• Wow, brilliant! The bullet points are so, so accurate–for me, anyway. And, my current bf is the other in your post, and I can see it all in there. Thank you for this, Lisa! xx

    • DDG, Thank you. It has been fantastic to watch you grow. Your chronicles are some of my favorite because I see all those “bullet points” consistently knocking at your door. You seem to manage to let them in where so many can’t/won’t (I don’t presume to understand this phenomenon). I like your dedication to self discovery. An appealing quality in any person (in my opinion), but especially beautiful in a young recovering woman.

      • Oh, thank you, Lisa! I could not have done it without your ideas and support. I love how you think, especially about treating addiction as a reprogramming of mind and self. Yes, I guess you could still call me “young”…LOL. Lots of love…

        • I have a confession to make. I was thinking you must be tired of me because you rarely came over to “comment” … (my goodness that sounds so insecure to write. Oh well, I need to walk my talk [programming integrity] even if it sucks to say it out loud) … 🙂

          • Oh, no! I rarely comment these days anywhere, mainly because…I don’t have time! I’m sorry if you took my silence the wrong way! I definitely read all my “fave bloggers'” (of which you are one!) posts, but I don’t often comment. SORRY, Lisa! I find your posts to be excellent, informative, and so instructive…

            I’ve also been spending (burning) a lot of time trying to get some freelance gigs going on, considering grad school/a move, and in general, getting a bit burnt out/sad when I write about my “drinking problem.” See? Who knew the chitter-chatter going on behind my closed doors? Lesson learned? Me, stop isolating. You? Don’t take anything personally?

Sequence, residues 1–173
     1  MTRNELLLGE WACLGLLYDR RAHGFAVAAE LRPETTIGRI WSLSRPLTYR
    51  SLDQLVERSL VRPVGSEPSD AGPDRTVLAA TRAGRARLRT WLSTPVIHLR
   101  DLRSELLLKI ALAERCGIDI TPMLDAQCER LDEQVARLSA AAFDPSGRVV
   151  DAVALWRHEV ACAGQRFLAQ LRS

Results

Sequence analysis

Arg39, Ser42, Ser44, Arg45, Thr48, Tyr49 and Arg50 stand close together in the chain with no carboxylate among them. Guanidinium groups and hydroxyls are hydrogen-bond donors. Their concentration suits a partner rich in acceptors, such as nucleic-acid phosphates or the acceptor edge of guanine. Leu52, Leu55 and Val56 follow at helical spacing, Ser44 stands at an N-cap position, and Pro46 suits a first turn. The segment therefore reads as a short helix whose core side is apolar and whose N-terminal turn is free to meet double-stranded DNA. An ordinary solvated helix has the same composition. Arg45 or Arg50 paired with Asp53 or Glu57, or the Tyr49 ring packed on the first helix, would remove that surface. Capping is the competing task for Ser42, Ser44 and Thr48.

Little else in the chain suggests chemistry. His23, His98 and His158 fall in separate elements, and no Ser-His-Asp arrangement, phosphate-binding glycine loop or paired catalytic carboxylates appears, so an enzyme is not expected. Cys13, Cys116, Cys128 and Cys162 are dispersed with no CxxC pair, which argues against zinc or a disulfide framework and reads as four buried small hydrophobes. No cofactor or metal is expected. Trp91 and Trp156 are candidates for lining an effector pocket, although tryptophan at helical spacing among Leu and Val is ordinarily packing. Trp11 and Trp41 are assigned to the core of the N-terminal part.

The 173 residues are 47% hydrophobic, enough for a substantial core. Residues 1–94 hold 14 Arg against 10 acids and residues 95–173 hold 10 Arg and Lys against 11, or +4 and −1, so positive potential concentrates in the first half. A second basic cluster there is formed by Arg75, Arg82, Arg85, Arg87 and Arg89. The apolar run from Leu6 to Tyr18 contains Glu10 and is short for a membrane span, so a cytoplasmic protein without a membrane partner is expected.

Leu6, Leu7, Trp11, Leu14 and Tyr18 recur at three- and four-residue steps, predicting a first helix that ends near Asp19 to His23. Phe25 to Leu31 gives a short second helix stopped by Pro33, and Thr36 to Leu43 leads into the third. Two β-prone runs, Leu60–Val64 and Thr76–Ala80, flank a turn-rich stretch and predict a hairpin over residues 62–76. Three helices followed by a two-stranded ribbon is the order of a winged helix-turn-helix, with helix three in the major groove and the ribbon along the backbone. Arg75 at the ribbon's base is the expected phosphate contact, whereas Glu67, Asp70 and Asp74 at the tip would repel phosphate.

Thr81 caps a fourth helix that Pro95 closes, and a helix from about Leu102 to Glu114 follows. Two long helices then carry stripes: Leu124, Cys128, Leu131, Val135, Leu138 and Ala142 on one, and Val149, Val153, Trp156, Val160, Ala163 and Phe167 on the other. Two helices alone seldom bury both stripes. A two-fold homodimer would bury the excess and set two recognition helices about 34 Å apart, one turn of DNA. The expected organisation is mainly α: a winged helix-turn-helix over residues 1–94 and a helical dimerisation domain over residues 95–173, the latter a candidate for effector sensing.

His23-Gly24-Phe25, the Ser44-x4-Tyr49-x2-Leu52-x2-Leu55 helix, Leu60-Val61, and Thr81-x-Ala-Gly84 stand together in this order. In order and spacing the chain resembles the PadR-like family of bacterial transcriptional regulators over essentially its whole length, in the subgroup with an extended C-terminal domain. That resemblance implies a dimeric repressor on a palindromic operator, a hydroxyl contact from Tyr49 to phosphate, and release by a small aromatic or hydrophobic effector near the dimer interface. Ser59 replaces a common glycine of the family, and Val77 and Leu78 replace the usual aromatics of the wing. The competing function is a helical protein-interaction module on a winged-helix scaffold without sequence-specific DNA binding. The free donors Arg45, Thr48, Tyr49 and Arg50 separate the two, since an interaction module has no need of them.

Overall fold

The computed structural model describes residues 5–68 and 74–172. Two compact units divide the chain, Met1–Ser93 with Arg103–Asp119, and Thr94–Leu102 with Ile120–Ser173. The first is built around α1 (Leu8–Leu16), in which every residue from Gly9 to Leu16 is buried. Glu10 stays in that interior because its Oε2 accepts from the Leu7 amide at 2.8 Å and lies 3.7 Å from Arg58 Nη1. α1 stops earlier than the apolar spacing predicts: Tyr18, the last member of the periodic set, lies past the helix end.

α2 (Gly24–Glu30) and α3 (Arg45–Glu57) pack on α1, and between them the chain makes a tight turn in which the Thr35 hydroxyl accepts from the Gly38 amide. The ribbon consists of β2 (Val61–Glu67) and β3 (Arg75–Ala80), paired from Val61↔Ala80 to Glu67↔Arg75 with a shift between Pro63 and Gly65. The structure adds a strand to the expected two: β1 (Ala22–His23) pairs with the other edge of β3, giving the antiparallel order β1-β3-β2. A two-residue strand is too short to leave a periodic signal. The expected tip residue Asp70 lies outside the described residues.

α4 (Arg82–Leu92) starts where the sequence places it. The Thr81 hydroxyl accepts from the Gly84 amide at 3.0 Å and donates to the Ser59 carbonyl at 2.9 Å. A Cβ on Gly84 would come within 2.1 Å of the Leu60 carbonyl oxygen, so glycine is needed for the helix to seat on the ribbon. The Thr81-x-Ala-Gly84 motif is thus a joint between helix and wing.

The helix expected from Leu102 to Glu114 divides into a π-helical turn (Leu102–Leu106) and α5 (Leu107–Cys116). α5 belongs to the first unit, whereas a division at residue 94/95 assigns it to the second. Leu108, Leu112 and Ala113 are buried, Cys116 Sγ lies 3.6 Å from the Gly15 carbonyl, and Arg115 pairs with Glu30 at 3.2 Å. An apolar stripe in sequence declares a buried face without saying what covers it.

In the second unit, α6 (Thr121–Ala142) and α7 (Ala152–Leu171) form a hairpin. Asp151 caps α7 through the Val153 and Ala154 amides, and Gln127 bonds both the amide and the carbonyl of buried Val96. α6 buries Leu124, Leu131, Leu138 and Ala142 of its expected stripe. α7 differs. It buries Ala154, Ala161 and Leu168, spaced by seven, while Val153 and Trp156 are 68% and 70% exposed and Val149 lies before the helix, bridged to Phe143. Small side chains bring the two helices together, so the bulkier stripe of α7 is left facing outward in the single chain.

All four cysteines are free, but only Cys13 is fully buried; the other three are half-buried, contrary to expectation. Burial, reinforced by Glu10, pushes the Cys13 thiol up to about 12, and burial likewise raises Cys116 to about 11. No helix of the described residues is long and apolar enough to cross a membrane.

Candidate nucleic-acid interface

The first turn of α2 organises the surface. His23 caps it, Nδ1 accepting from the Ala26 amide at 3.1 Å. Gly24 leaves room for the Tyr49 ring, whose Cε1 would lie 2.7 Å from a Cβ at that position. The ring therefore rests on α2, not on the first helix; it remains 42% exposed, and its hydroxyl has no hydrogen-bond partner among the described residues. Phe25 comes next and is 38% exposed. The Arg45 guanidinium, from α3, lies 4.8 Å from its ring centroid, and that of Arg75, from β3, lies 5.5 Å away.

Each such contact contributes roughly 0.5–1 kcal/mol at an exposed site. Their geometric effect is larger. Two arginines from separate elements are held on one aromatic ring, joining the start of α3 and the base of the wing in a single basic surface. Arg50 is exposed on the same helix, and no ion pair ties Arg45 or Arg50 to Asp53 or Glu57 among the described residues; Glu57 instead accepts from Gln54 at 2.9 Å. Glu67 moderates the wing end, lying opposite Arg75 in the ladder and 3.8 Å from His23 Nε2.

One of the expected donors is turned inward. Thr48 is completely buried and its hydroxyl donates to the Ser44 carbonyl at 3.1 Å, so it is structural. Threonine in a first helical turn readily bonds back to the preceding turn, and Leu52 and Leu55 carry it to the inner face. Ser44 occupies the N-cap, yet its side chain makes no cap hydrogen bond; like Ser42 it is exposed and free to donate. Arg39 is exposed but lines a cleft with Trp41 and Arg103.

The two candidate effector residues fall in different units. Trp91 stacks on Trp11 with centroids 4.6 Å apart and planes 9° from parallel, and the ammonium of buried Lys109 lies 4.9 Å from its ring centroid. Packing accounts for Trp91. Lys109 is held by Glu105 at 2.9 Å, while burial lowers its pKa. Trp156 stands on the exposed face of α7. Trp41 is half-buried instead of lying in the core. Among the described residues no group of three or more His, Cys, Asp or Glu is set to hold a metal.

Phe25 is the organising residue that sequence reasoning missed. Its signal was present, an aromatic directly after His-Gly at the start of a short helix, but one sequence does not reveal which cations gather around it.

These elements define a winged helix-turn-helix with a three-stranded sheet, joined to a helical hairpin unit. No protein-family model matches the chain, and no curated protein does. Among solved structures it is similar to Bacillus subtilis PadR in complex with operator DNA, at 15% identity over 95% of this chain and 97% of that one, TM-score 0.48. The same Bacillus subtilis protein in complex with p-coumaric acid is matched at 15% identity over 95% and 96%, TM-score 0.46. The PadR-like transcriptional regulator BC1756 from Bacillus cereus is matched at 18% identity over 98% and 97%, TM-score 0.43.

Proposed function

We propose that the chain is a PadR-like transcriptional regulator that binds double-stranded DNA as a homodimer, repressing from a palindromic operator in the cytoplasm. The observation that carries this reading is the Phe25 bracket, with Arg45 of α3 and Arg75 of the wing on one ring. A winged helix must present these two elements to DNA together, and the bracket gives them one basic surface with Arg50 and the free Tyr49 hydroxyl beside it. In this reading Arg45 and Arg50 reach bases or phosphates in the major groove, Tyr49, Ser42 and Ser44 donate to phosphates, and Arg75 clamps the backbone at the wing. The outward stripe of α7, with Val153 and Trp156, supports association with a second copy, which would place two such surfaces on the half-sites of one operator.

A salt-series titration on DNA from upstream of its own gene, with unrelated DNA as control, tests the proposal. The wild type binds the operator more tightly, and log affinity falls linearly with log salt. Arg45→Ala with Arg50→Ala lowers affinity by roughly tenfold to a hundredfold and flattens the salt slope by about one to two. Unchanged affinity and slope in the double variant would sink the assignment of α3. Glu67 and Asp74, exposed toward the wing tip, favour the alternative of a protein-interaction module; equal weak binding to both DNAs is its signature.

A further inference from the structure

Love all that you do, Lisa! I often think of you when I think, what do I want to be when I grow up. 🙂

          • For what it’s worth … good! I like to hear you are feeding your intellect and creativity. Time to move on from being an ex-drinker, whilst still being an ex-drinker—of course.. The only time I think about it (drinking) is when I have to remember (writing a post) pre-sobriety/early sobriety. Other than that I’m trying to figure out how to be a super mom, super friend, super runner (Kristy you reading this?), super coach, super whatever. No need for apologies. I need (I mean “get”) to take a look at me and why I need (I mean “crave”) EVERYONE’S (or almost everyone’s) approval. On another note: Moving? did I see that correctly? Geez, you’d think I’d send an email. Lots of love, Me

  • Wow, Lisa! You describe exactly what I’m going through with my dad right now – and what my husband had to go through with me. I’ve had to make some really hard decisions with my dad and I can only hope that one day he will respond like you have. Great post. Needed this.

    • I find it so interesting the way we think we “should” love an addict. Now that I am not active in my alcoholism, I see life on the alcohol-free side. I, too, need to watch my interaction with addicts. I hang out with addicts, blog with addicts, work with addicts, and grew up in an alcoholic home. I had an alcoholic dad (deceased, but found recovery) and an al-anonic mom (alive and well) so I have both personalities (some might say “multi”). Nevertheless, I continue to work on living within my spiritual principles (universal laws) because I am still susceptible to co-dependent behavior. My best for you and your issues with your dad. It’s never easy. But well worth the endurance.

  • Katherine
    6 years ago